California to let college athletes make money, defying NCAAFILE - In this Feb. 28, 2019, file photo, UCLA forward Cody Riley, right, grabs a rebound away from Southern California guard Kevin Porter Jr. during the first half of an NCAA college basketball game in Los Angeles. The NCAAs Board of Governors is urging Gov. Gavin Newsom not to sign a California bill that would allow college athletes to receive money for their names, likenesses or images. In a six-paragraph letter to Newsom, the board said the bill would give California schools an unfair recruiting advantage. As a result, the letter says, the NCAA would declare those schools ineligible for its events. (AP Photo/Mark J. Terrill, File)
Chalk one up for the ''student athletes.''
California is on the verge of striking a mortal blow to the system that's been sponging free labor off its ''student athletes'' for decades. The state is en route to approving a law that gives players a chance to make some money for playing games that entertain the masses and seem to make everyone rich except the players themselves.
It's been a long time coming, and the only real question is to what extent NCAA leaders will go to fight this.
By the looks of things, they're ready to rumble.
In the wake of the state Assembly passing the Fair Pay to Play Act, NCAA leaders sent a letter to Gov. Gavin Newsom on Wednesday, urging him not to sign the bill.
''It would erase the critical distinction between college and professional athletics and, because it gives those schools an unfair recruiting advantage, would result in them eventually being unable to compete in NCAA competitions,'' the letter said.
The second part of this argument makes sense. If a player who attends college in California can get a sponsorship deal while those in other states can't, it builds in an advantage that not even the shadiest college recruiter and his shoe-company buddies can match.
But the first part - the part about the ''critical distinction between college and professional athletics'' - is disingenuous to the core, a notion as antiquated as the peach basket and leather helmet, and the reason this whole thing is bound to change.
The notion that these near-full-time athletes in these billion-dollar sports are amateurs, or that they shouldn't get paid, runs counter to the tenets of basic fairness and feels downright un-American. Hard to believe the Olympics - hardly run by the most forward-thinking or athlete-centric organizations - were decades ahead of the NCAA when it came to unwinding the charade of amateurism in its sports.
''It's a fundamental truth of life that our innate ability is what creates our livelihood,'' said Jeremy Bloom, the former skier/football player who, years ago, got caught in the NCAA crosshairs for having the temerity to want to play both sports and to have sponsors in one (skiing) so he could fund his Olympic dreams. ''These are the abilities of these people, and there's no reason they shouldn't have the ability to monetize that, irrespective of whether their education is getting paid for or not.''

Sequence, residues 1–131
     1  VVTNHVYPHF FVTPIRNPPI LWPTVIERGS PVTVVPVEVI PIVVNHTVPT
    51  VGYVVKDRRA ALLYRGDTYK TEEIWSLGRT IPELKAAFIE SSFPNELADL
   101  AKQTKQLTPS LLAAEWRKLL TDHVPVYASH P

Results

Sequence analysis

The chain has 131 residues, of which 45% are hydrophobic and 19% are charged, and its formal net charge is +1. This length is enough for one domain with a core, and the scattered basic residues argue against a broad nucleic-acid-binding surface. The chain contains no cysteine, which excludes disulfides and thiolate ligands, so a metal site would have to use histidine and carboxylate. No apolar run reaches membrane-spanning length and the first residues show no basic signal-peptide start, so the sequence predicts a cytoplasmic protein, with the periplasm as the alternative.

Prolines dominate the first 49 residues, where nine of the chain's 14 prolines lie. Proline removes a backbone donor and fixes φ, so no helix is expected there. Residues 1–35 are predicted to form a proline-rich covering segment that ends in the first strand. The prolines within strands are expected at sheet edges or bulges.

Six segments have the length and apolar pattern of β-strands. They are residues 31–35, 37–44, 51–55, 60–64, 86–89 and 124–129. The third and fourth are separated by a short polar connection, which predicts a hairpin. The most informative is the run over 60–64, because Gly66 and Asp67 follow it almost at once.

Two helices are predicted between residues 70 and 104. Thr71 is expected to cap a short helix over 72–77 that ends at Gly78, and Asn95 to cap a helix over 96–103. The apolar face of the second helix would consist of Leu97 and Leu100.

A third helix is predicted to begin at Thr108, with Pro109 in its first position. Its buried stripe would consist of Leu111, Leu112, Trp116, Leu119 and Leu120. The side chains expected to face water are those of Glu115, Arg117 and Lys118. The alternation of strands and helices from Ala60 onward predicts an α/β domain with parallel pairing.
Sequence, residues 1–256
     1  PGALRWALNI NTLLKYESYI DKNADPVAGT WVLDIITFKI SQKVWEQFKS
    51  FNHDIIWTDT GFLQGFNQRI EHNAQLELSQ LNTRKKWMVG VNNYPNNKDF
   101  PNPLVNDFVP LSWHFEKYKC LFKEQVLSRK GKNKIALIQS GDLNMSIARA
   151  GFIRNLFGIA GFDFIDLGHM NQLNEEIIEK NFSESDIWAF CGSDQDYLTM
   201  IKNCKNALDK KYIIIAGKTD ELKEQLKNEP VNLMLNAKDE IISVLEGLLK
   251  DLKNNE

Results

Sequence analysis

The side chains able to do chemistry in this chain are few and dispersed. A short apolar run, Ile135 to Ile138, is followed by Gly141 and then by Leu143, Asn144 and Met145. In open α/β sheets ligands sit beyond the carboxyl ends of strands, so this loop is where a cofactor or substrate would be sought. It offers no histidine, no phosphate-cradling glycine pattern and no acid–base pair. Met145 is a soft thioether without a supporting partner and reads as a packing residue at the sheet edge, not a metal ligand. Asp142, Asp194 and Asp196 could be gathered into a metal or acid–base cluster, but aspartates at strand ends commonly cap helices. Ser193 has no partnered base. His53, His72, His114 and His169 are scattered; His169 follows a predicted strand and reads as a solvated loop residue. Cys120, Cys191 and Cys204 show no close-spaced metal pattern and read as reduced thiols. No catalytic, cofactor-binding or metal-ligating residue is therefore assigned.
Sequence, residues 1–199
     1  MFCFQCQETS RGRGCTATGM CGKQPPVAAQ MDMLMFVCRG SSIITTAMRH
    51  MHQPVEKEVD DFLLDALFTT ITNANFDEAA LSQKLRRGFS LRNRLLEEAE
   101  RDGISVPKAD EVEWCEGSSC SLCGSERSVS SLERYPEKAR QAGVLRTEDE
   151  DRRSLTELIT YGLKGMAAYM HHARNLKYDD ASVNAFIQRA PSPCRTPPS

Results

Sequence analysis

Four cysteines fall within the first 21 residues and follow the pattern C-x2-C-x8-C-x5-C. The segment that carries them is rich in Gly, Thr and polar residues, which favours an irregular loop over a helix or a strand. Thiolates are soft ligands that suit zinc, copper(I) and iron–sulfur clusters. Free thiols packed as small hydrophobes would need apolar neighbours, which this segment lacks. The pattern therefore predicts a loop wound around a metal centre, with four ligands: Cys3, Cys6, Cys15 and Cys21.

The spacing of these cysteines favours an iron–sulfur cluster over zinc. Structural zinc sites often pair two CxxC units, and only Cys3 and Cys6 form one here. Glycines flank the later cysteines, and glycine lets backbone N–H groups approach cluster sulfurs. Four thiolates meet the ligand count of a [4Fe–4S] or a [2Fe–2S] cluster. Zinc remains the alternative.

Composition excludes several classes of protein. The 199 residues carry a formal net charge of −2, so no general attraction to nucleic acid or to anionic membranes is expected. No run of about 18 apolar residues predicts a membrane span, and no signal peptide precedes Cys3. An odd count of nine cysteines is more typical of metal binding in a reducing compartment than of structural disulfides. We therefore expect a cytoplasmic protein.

In most cases, it is being paid for. But that, along with the couple of grand extra that the biggest schools agreed to give to augment some of these scholarships while also relieving pressure for bigger reform, has always felt like the very least they could do.
The California bill is reasonable in that it doesn't ask colleges to pay any more to the athletes, but rather, gives players a chance to hire an agent, put themselves out on the market and see what they can make.
Only a very few would have a legitimate chance to get rich from this. Many more might make a little something - enough to buy a car, fill up the gas tank, go to dinner, etc. The vast majority of soccer and volleyball and field hockey players wouldn't notice any difference. Most fans wouldn't either.
The NCAA, in its letter, says it has the students' best interests in mind and that ''NCAA member schools already are working on changing rules for all student-athletes to appropriately use their name, image and likeness in accordance with our values.''
Lawmakers, however, moved faster than the NCAA - let that soak in for a minute - and the NCAA's swift, terse reaction gave them a clear picture about the agendas of the people whose cages they're rattling.
In addition to threatening to bar California schools from NCAA championships (Think of the possibilities: Winner of March Madness plays UCLA for the real national title.), the NCAA called the bill unconstitutional, a notion that immediately brings with it the specter of a court case.
That's how seriously the NCAA appears to take this threat. It's a sign of how far NCAA President Mark Emmert and his cronies are willing to go to protect a way of life that has lined all its schools' coffers along with the pocketbooks of all the administrators, TV networks, coaches and sponsors involved in college sports.
Everyone but the players.
If Newsom signs the bill, which would go into effect in 2023, the NCAA will have two choices: fight it in court, or sit down and get serious about changing the antiquated structures that have ruled college sports at the expense of athletes for decades. Or do both on parallel tracks.
However it goes, it feels like change is on the way.
''It's inevitable, it's coming,'' Bloom said. ''A lot of people have been slowly chipping away, chipping away, and then, suddenly, it's going to be an iceberg coming off. It could certainly make a lot of lives better for a lot of people in a lot of sports.''
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